Interactive Dialogue with the Special Rapporteur on Racism
As delivered by Shubha Sastry
UN Human Rights Council 32nd Session
June 27, 2016
Thank you Mr. President.
The United States is fully committed to furthering the rights of minority women and eliminating societal barriers that impede full enjoyment of their human rights. The U.S. government places great importance on women’s issues in general and has worked to elevate women’s status in the United States.
Women who are members of racial or ethnic minorities in the United States often face barriers to gaining access to capital and entrepreneurial opportunities. This and other relevant topics were discussed at the White House’s United State of Women Summit held earlier this month, which highlighted the Obama Administration’s current initiatives on gender equality and discussed the gaps that still exist. The United States continues to be committed to increasing women’s access to capital through legislation and interagency cooperation that will even the playing field for female entrepreneurs.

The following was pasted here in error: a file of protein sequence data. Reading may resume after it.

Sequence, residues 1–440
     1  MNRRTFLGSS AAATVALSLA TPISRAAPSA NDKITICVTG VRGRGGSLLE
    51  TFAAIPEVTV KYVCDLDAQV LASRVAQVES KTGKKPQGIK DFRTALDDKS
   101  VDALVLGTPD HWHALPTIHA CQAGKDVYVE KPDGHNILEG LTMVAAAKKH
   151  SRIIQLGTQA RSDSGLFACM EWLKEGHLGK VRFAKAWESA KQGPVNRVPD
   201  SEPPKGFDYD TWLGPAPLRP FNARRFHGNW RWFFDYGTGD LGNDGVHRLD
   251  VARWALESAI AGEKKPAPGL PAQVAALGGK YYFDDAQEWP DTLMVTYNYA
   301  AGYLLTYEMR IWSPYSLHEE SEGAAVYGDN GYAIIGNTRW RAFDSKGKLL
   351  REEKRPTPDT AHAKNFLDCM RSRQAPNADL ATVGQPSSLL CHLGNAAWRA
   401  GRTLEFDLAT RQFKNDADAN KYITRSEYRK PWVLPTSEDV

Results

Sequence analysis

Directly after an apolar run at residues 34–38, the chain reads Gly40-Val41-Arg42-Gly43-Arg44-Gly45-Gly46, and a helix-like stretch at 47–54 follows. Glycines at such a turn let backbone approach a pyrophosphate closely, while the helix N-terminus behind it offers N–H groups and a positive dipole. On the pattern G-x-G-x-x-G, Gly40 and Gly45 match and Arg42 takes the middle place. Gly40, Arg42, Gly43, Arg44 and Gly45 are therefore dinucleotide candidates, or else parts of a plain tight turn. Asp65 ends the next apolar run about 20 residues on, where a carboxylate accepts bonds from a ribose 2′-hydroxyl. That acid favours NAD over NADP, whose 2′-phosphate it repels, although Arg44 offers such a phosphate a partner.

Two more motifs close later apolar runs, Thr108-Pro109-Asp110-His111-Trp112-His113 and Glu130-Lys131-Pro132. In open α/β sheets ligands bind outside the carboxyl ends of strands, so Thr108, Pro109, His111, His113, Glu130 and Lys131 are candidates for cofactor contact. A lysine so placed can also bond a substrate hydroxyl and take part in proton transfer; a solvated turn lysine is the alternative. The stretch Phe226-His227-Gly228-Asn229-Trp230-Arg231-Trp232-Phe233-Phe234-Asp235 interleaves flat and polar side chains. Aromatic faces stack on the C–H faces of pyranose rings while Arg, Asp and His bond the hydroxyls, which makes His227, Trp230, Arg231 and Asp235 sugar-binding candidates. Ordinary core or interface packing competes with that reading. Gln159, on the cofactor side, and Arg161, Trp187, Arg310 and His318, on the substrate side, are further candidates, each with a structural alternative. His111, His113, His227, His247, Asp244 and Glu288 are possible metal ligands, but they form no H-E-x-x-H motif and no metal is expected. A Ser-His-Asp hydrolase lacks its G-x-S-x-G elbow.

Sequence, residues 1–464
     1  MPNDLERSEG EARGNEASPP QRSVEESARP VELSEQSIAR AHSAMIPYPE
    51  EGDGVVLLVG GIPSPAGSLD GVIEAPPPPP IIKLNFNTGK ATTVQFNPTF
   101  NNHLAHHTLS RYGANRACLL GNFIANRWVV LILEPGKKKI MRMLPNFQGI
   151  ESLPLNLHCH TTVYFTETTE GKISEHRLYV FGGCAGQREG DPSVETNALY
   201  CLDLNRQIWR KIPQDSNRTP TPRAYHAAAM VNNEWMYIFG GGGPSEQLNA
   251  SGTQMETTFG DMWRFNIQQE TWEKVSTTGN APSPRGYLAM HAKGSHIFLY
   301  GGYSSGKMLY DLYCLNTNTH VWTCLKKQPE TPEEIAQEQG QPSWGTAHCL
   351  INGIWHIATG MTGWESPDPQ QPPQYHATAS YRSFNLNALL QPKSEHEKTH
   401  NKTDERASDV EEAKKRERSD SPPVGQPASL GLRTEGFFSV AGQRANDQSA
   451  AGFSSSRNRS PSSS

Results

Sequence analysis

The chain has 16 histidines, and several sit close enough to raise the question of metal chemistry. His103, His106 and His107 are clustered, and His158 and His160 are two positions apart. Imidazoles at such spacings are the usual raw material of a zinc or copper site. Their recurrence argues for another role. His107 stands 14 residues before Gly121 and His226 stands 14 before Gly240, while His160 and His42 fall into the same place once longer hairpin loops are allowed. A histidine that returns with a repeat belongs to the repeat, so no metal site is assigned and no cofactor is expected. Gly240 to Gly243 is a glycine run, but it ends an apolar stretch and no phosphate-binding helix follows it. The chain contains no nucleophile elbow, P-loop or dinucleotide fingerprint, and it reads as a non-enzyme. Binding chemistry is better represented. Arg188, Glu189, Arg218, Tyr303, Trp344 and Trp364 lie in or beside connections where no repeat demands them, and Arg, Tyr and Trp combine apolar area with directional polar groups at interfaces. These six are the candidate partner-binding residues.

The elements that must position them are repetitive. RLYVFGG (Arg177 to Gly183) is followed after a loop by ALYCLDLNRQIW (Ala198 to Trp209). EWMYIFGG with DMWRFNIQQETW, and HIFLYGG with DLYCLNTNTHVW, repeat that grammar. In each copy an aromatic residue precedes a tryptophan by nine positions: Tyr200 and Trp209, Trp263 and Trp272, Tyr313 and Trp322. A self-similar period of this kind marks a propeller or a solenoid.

The U. S. government has already taken steps to address the discrepancies minority women often face in standards of care and access to healthcare. Myriad factors, such as work, marital, or socioeconomic status, can affect minority women’s ability to access even basic healthcare. With the introduction of the Affordable Care Act, more women are gaining access to preventative and maternal care and are no longer being denied access to health insurance for pre-existing conditions, such as pregnancy, heart disease, or domestic violence.
The United States is committed to the principle that the needs of minority women, who face challenges both as a result of their gender and their status as members of minority groups, should be better identified and addressed both within the United States and abroad.